Milwaukee prosecutors announced Monday that they will not seek a new trial in the case of Robert Lee Stinson, who served more than 23 years in prison for a murder DNA proves he didn’t commit. The University of Wisconsin Innocence Project began working on Stinson’s case in 2005 and obtained the DNA testing that proved his innocence. He was released in January, but Monday’s announcement makes his exoneration official.
Stinson was convicted and sentenced to life in prison for the murder of a 62-year-old woman in Milwaukee. His conviction was based, in part, on the testimony of two forensic bite mark analysts, who said bite marks on the victim’s body matched Stinson’s teeth. One of the experts testified at his trial that the bite marks "had to have been made by teeth identical" to Stinson's and that there was "no margin for error in this." The other called the bite mark evidence "overwhelming" and said "there was no question there was a match."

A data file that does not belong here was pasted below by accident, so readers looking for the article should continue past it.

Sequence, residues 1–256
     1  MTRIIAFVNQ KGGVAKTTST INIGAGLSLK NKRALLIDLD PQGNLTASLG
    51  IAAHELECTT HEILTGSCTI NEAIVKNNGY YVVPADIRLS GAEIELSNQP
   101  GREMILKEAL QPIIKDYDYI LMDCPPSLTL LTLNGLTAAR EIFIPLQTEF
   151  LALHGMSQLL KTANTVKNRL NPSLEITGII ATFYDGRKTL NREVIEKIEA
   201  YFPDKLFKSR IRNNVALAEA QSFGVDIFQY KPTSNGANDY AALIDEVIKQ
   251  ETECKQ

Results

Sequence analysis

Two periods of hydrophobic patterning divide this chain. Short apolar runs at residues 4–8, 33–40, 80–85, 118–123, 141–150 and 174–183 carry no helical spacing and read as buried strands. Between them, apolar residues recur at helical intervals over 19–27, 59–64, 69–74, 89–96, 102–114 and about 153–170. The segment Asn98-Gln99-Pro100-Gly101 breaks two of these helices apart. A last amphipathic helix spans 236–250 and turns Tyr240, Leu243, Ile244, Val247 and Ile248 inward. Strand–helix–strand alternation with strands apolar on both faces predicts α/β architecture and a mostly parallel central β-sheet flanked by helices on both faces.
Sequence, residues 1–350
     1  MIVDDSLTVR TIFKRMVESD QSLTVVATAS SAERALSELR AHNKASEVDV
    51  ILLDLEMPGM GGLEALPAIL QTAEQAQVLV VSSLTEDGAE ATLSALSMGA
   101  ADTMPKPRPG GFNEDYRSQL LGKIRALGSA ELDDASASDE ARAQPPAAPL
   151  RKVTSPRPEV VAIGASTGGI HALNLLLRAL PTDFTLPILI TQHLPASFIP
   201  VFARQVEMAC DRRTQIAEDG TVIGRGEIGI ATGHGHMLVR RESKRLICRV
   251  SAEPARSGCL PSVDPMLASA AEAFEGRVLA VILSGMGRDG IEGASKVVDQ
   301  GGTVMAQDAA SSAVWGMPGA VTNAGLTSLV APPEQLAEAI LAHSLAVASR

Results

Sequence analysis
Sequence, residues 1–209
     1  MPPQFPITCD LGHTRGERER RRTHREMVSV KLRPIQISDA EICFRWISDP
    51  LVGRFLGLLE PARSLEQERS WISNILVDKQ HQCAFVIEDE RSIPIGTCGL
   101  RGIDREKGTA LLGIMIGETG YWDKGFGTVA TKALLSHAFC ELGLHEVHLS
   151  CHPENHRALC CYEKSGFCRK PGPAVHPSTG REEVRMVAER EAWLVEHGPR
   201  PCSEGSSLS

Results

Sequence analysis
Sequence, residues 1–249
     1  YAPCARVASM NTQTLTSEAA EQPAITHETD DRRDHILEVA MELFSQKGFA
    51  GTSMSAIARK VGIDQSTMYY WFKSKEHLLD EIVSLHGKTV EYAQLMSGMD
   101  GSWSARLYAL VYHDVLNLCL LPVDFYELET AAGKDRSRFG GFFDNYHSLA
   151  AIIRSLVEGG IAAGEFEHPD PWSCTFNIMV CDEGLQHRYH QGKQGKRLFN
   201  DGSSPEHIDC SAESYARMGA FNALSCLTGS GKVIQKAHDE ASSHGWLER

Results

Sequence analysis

DNA testing conducted in the case at the request of the
Wisconsin Innocence Project
found a male DNA profile in areas of the victim’s sweater that had tested positive for saliva. The profile did not match Stinson, proving another person bit the victim.
After the charges were dismissed during a brief court hearing Monday, Assistant District Attorney Norman Gahn said it was the age of the case – which led to destroyed evidence, "faded memories" of witnesses and other problems – that led prosecutors not to retry Stinson.
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. (Wisconsin Journal-Sentinel, 07/27/09)